The following maps report actual minus trend yields. By calculating trend yields, the inherent productivity of the farmland is taken into consideration, and actual yields are stated relative to that productivity.






Schnitkey reports those areas with above trend yields will have relatively higher incomes than those areas with below trend yields. In 2016, lower grain farm incomes will be more pronounced in the eastern corn belt and particularly in Indiana and Ohio.

Tuesday, March 14, 2017

Another Way to Evaluate $3.40 Corn

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Another Way to Evaluate $3.40 Corn
Gary Schnitkey, Agricultural Economist - University of Illinois

Farmers across the United States aren’t very happy with the price of corn in Chicago. However, as Todd Gleason reports, a University of Illinois study shows they might reconsider what that price really means given the very good yields most harvested last fall.

Price times yield equals income…
2:17 radio
2:33 radio self-contained

Price times yield equals income. It’s a pretty simple calculation, but one that’s pretty easy to dismiss when the price is really low. Gary Schnitkey wondered a bit about that as it relates to the nation’s corn and soybean farmers. So, the University of Illinois agricultural economist took some time to figure out just how close to the countywide trend-line yield every corn and soybean growing county in the nation came last fall. Most, he says, especially for soybeans, were above trend.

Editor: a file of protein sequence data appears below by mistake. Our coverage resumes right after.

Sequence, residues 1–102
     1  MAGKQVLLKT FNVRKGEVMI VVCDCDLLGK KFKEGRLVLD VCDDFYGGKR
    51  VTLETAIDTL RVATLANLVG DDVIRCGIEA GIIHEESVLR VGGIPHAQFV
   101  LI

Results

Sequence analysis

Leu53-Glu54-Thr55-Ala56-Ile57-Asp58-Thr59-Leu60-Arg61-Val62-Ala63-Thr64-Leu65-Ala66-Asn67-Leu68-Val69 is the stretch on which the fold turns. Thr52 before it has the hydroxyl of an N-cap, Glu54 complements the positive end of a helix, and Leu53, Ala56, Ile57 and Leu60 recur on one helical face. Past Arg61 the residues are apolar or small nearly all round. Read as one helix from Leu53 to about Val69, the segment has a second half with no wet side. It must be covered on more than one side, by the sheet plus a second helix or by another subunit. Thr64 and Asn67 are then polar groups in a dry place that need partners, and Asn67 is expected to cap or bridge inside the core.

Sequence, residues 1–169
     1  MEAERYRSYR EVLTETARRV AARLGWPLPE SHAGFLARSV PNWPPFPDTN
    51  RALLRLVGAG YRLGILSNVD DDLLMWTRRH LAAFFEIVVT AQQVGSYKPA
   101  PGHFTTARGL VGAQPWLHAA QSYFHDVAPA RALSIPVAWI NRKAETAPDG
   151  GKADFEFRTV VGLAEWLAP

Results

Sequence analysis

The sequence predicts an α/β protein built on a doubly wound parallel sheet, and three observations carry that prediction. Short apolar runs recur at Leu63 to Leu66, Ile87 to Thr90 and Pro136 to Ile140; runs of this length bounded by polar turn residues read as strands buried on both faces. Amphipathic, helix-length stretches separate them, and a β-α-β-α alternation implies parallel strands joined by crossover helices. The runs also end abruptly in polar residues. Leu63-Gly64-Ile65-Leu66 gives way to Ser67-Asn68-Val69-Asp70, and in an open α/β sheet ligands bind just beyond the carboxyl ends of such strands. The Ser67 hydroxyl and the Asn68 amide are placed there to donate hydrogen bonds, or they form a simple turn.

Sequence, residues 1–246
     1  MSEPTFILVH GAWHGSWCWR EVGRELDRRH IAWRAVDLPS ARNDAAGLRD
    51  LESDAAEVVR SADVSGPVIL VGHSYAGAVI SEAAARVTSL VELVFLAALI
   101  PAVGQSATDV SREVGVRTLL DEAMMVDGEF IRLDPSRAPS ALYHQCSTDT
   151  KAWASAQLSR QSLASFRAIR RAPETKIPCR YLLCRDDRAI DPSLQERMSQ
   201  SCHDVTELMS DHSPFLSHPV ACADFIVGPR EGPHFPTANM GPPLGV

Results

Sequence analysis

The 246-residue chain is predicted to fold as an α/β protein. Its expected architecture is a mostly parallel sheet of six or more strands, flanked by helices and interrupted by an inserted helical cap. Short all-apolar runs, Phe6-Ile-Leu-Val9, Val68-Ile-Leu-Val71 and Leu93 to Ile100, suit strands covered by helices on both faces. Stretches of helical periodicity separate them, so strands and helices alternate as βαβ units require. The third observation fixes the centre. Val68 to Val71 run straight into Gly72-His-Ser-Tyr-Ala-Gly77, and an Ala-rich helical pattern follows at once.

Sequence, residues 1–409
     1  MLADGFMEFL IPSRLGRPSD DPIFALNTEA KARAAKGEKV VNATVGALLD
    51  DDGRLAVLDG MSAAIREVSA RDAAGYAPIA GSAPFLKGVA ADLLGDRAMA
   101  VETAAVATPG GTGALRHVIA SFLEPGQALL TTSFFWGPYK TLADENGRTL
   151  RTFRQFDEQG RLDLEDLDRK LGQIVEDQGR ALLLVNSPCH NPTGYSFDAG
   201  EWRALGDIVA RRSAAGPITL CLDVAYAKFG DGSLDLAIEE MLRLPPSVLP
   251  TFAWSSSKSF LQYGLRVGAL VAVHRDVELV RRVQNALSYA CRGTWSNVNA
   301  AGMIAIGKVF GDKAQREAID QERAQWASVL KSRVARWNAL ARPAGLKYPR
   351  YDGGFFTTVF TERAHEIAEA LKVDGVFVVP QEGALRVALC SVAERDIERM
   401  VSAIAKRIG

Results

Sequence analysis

Schnitkey :55 …yields were in New York and Pennsylvania.

Quote Summary - Yeah, so we used data from 1972 up to the present to fit our linear trends. There are areas that had below trends, most notably Ohio and Indiana. Ohio, particularly, had below trend yields on corn. The counties along the Mississippi River starting in Indiana and southern Illinois and going a way down through Arkansas, the boot-heal of Missouri, Mississippi, and Louisiana had below trend yields. New York and Pennsylvania had below trend yields. Many of the counties that had below trend yields on corn were in the eastern United States. Soybeans, on the other hand, most everybody had above trend yields. We had an exceptionally good yielding year on soybean. Areas where we had below trend yields were in New York and Pennsylvania.

Here’s an example of what all that means. Schnitkey uses Sangamon County Illinois where the trend-line yield for 2016 was a 194 bushels to the acre and the actual countywide corn yield was 222.